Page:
Danny has continued his passion for music, he is now majoring in Trombone Performance at Brigham Young University with a focus on Jazz performance. I have attended several of his performances and it is clear that Danny loves performing. After graduating from BYU he plans on attending graduate school. I was unaware until Danny explained it to me, that is almost necessary to get a graduate degree to qualify to play in a symphony or any other top performing role.

Danny’s plans for the future are admirable. His passion for music is his motivation to work towards becoming a world class performer, and his passion for education has lead him to work towards a future partnership with his brother in creating a school of music. He feels that his ability to be creative will allow him the opportunity to reform how music is taught at the university level, while promoting a better environment for students. Danny believes that music has the ability to solve social problems too and hopes to use his talents to improve the lives of others. Some of his ideas include urban music projects for youth where children can earn their musical instruments through giving of what they have, their time.

Danny has the the demeanor of a natural leader, and though it may appear natural, he assures me it is a skill he has had to develop. “I have always cared about people, but I wasn’t very outgoing in middle school and early high school. There was a point where I decided I wanted to be able to talk to anybody and not worry what they think.” The most crucial part in that development was while serving a mission for The Church of Jesus Christ of Latter Day Saints, “A man named Matt Beacher was an amazing person. There was a presence about him that was so engaging and so caring. No one disliked him, you could not. He wasn’t trying, he just loved people so much. He was the most engaging person I met. I started to try to be exactly like that; I realized very quickly that wasn’t going to work for me. I discovered there were certain things about him that I wanted to do and I could find my own brand of that.” Danny said that he then worked on adopting those traits which included caring for others and not being shy.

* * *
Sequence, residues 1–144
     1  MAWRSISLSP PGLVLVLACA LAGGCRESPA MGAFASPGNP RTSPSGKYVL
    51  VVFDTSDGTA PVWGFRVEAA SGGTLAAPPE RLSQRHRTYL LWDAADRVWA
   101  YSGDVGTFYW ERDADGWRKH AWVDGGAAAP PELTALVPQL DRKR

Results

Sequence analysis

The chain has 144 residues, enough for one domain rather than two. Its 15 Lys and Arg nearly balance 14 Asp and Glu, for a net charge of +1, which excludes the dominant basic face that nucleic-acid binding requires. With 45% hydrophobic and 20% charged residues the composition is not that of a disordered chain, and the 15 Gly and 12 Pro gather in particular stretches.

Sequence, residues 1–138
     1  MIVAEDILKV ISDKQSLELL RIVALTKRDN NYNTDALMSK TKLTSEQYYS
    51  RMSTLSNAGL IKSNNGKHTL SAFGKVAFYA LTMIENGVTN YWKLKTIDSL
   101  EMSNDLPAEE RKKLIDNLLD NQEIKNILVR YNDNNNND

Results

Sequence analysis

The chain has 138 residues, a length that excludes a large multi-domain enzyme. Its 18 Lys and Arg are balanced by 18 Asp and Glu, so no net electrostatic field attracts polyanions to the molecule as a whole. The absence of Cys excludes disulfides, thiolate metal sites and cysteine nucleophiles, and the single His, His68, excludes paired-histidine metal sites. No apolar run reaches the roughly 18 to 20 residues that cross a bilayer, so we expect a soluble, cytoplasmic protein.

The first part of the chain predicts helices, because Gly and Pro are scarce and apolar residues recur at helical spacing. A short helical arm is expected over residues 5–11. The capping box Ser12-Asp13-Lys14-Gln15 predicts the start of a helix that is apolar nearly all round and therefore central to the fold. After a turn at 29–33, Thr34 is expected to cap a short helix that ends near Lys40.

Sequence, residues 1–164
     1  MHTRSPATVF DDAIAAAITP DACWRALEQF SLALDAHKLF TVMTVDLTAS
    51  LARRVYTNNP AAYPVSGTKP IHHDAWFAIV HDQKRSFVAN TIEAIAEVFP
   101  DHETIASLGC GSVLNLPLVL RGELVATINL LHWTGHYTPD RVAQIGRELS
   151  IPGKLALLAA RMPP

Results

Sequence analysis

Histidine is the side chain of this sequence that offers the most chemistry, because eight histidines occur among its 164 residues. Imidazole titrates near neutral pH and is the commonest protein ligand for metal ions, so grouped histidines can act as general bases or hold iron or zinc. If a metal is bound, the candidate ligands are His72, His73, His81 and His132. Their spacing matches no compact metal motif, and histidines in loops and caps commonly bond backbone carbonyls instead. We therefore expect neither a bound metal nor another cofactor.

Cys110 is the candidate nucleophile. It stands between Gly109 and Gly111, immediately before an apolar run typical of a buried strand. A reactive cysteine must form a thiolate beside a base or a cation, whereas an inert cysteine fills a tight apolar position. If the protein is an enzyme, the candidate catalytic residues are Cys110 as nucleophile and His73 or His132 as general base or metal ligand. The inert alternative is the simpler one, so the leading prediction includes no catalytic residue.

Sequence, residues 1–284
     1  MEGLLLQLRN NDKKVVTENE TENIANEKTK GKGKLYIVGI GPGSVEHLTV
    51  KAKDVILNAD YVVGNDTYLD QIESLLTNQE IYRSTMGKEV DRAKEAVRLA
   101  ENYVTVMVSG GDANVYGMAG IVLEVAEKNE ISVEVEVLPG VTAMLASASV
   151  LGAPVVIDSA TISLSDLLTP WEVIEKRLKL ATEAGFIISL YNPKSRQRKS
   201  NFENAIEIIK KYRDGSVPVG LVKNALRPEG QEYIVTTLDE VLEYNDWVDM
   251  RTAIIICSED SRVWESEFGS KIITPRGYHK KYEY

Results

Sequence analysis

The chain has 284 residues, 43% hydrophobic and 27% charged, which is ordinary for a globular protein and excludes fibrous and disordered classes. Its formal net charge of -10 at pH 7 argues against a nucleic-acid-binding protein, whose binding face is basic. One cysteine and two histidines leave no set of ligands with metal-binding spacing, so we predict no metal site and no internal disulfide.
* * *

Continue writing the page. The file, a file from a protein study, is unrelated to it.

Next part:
Danny said of his personal strengths, “I try to be thoughtful about whatever issue comes up, I try to examine the whole situation. Whether that’s learning something that disrupts my paradigm academically or even religiously, but also with people.” He would like to be known as, “the friend that people know they can trust. I want to be a trusting dad too. I want to a do a lot of big things; I really want to make a big a difference in the world. But the most important thing for me is more personal stuff. Number one would be a good husband and dad, a good son and brother. After that, I would love to be known as someone who did good in the world, someone who helped solved problems in the world. I would like to be known as an artist.”

Danny is an exceptional person, his most selfish quality is striving to reach his full potential in life, and that is so he may more fully serve his fellow beings. I am grateful for the influence he has had in my life.